Project calls for development of advanced humidity control system to help reduce indoor allergens.
TIAX announced today that it has been awarded a grant by the National Institute of Environmental Health Science (NIEHS) to design a commercially feasible humidity control system that will reduce allergen levels, specifically related to dust mites in the home. The $98,249 Phase I grant, contract number HHSN291200445523C, was awarded to TIAX through the NIEHS Small Business Innovation Research (SBIR) program.
“We are excited to be working with the National Institute of Environmental Health Sciences on a project that could remedy a recurring problem in many American homes,” said TIAX President Kenan Sahin. “The development of an affordable system, which effectively regulates air quality, will help ensure a healthier home environment and alleviate many of the symptoms associated with indoor allergies and asthma.”
Dust mites, which are microscopic organisms, can be found in many environments, but thrive in areas where humidity levels reach 60 percent or higher and human dander is prevalent, such as the home. As part of the project, TIAX is researching the relationship between dust mites and humidity levels using PlaceLab, an apartment-scale research facility, which is a Massachusetts Institute of Technology and TIAX initiative.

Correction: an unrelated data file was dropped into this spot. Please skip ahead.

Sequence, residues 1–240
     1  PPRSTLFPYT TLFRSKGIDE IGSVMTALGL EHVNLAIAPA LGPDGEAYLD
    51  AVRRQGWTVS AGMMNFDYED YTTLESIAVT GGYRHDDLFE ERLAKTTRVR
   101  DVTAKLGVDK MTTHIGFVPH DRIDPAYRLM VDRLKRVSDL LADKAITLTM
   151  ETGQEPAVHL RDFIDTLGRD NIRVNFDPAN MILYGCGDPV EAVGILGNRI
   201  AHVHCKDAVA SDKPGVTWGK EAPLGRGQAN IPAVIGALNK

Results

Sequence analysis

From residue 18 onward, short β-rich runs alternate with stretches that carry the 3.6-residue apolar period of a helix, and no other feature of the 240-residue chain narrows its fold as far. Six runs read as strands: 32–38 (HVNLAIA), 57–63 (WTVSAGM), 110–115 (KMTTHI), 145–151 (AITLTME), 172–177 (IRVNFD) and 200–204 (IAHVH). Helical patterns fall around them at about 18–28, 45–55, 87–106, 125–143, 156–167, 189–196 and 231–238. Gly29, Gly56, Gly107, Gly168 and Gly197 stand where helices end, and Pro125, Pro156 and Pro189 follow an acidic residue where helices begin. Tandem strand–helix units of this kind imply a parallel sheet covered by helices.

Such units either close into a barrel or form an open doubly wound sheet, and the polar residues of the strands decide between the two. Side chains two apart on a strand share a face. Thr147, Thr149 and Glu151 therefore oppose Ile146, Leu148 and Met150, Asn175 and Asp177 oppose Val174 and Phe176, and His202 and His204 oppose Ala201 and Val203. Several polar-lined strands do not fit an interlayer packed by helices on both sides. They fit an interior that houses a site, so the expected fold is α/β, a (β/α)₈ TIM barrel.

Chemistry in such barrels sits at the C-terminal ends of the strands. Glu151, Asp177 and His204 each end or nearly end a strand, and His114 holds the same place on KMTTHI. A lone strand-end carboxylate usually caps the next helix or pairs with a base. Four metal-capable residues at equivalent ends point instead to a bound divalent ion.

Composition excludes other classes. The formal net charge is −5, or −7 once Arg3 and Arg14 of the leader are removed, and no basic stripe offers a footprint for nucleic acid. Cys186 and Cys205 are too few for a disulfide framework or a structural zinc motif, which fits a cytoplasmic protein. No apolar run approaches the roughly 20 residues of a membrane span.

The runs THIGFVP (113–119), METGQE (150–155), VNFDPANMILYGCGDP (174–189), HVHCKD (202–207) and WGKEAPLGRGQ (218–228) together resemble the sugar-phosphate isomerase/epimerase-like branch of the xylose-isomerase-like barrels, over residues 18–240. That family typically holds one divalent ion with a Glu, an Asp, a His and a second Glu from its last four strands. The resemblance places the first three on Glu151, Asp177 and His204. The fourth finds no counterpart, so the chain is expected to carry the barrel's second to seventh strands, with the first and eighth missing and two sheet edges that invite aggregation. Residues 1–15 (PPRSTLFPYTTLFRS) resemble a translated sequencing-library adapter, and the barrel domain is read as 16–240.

The goal of the project is to create a more cost-effective dehumidifier that can be easily integrated into a home’s central air conditioning system to reduce humidity levels.
While current cooling systems are effective under many conditions, when temperature and humidity levels are high, such as in the summer, conventional air conditioners often prove inadequate. In addition to reducing dust mites, low humidity levels also prevent mold growth.
The dehumidifier that TIAX proposes would be an innovative, lower cost design that will increase the humidity removal capacity to at least two times greater than that of the current home air conditioning system. For a three-month period, TIAX will test the dehumidifier at PlaceLab to determine whether it effectively reduces dust mite populations and is commercially viable.